E. M. Forster's "The Story of the Siren": The Siren as the Ineliminable Residue in the Symbolic

E. M. Forster's "The Story of the Siren" is based on the intricate intersection between the pre-discursive (symbolized by the sea) and the discursive elements (symbolized by the earth). This intersection can be taken as an encounter between the representable, the comprehensible and the unrepresentable, the incomprehensible. The Siren in the story as the non-locus of absence emerges from the realm of the nonverbal into the Symbolic; from the repressed of the culture that is the Other or the Real into consciousness of the two brothers. The Siren acts as a metonymic extension of the Real, and the story fictionalizes a reshaping of the world of these characters who experience an encounter with the Real through the Siren. The story seems to explore whether one can completely disembody one's cultural constitution and recapture his/her sense of wholeness experienced in pre-discursive period. This article aims to explore this encounter between the earth and the sea from a Lacanian vantage point against the background of Lacanian ideas on the formation of the subject, the Real and the Symbolic.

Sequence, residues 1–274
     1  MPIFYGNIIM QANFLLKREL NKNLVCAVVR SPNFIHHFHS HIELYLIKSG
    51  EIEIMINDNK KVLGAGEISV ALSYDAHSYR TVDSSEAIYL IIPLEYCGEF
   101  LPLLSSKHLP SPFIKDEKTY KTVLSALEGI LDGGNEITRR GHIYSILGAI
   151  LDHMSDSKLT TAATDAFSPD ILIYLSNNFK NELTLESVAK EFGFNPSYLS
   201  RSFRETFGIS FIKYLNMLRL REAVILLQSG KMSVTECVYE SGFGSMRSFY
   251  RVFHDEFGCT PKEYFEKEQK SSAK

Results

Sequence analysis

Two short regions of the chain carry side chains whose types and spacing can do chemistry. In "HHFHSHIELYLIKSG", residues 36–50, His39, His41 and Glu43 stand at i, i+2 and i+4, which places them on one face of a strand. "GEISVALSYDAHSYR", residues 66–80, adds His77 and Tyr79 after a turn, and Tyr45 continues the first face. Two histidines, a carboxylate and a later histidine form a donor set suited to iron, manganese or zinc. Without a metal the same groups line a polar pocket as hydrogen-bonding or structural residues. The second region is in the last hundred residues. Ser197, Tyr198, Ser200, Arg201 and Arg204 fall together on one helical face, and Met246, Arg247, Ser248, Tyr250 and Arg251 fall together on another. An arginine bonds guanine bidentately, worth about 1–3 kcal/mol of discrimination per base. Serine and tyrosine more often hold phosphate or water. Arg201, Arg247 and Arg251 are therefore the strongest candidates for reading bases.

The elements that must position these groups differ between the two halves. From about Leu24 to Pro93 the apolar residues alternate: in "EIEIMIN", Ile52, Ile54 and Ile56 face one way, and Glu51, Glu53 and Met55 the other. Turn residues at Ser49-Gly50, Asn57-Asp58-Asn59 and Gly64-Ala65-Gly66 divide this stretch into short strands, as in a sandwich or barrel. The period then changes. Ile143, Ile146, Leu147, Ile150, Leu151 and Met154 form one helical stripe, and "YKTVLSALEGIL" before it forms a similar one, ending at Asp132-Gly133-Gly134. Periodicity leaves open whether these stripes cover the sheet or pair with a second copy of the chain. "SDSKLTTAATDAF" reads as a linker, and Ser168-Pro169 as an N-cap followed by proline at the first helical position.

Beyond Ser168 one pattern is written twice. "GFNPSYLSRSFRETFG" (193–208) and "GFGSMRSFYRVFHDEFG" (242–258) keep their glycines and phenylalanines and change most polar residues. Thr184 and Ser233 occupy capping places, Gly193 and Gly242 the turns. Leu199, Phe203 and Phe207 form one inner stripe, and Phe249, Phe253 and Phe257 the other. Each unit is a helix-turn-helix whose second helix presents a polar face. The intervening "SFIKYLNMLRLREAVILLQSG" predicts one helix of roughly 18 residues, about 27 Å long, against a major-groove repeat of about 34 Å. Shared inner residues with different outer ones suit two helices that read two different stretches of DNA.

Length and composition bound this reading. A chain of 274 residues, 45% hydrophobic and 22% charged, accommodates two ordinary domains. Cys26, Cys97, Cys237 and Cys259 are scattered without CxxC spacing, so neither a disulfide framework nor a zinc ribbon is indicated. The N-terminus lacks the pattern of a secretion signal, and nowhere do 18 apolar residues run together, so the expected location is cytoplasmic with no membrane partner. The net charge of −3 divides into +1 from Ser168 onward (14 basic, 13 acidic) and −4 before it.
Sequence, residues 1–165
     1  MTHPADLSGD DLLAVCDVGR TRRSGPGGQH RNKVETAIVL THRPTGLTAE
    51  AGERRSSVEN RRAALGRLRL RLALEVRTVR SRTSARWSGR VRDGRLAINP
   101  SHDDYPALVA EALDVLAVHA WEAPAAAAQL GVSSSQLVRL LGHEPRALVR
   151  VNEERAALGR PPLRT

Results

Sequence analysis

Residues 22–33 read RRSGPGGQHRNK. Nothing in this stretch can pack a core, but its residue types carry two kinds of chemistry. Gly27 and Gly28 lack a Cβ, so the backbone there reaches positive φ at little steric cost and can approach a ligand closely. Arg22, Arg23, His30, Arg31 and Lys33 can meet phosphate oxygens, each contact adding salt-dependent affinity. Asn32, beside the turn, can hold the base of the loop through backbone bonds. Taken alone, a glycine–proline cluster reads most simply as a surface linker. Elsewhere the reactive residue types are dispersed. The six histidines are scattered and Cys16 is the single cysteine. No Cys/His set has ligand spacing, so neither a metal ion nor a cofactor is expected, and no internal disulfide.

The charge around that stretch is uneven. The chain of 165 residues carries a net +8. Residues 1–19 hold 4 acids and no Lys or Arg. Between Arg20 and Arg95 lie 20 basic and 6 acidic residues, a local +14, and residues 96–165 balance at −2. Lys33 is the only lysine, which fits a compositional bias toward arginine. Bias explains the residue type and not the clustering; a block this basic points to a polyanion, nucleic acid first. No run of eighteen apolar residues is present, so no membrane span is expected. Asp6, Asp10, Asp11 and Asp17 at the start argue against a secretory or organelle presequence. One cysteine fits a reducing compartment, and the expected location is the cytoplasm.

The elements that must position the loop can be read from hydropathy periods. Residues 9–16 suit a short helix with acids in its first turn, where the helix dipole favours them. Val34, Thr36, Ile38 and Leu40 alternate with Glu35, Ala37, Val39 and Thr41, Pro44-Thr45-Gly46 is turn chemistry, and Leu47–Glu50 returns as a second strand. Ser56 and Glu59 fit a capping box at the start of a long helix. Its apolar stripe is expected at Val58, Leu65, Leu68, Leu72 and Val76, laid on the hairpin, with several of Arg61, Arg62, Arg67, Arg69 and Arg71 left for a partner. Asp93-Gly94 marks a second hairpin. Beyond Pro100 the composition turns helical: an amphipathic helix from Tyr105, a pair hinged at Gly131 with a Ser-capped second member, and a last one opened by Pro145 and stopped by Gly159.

Citation Formats
N. Birlik, “E. M. Forster’s “The Story of the Siren”: The Siren as the Ineliminable Residue in the Symbolic,” FOREIGN LITERATURE STUDIES, vol. 33, no. 6, pp. 36–43, 2011, Accessed: 00, 2020. [Online]. Available: https://hdl.handle.net/11511/53746.